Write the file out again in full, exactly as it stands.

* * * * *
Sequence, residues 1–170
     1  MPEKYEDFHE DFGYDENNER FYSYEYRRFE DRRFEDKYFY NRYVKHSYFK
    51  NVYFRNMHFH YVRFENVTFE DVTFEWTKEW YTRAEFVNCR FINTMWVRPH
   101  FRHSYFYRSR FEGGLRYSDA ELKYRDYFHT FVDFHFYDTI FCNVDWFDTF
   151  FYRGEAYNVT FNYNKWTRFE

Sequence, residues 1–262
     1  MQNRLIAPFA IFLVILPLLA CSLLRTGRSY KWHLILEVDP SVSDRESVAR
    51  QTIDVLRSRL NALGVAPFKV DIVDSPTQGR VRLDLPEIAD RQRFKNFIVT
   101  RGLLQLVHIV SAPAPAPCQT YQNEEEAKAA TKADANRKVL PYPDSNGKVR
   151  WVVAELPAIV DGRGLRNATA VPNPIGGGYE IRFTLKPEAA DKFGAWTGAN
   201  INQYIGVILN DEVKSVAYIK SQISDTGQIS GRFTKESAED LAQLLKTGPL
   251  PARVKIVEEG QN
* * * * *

Sequence, residues 1–170
     1  MPEKYEDFHE DFGYDENNER FYSYEYRRFE DRRFEDKYFY NRYVKHSYFK
    51  NVYFRNMHFH YVRFENVTFE DVTFEWTKEW YTRAEFVNCR FINTMWVRPH
   101  FRHSYFYRSR FEGGLRYSDA ELKYRDYFHT FVDFHFYDTI FCNVDWFDTF
   151  FYRGEAYNVT FNYNKWTRFE

Sequence, residues 1–262
     1  MQNRLIAPFA IFLVILPLLA CSLLRTGRSY KWHLILEVDP SVSDRESVAR
    51  QTIDVLRSRL NALGVAPFKV DIVDSPTQGR VRLDLPEIAD RQRFKNFIVT
   101  RGLLQLVHIV SAPAPAPCQT YQNEEEAKAA TKADANRKVL PYPDSNGKVR
   151  WVVAELPAIV DGRGLRNATA VPNPIGGGYE IRFTLKPEAA DKFGAWTGAN
   201  INQYIGVILN DEVKSVAYIK SQISDTGQIS GRFTKESAED LAQLLKTGPL
   251  PARVKIVEEG QN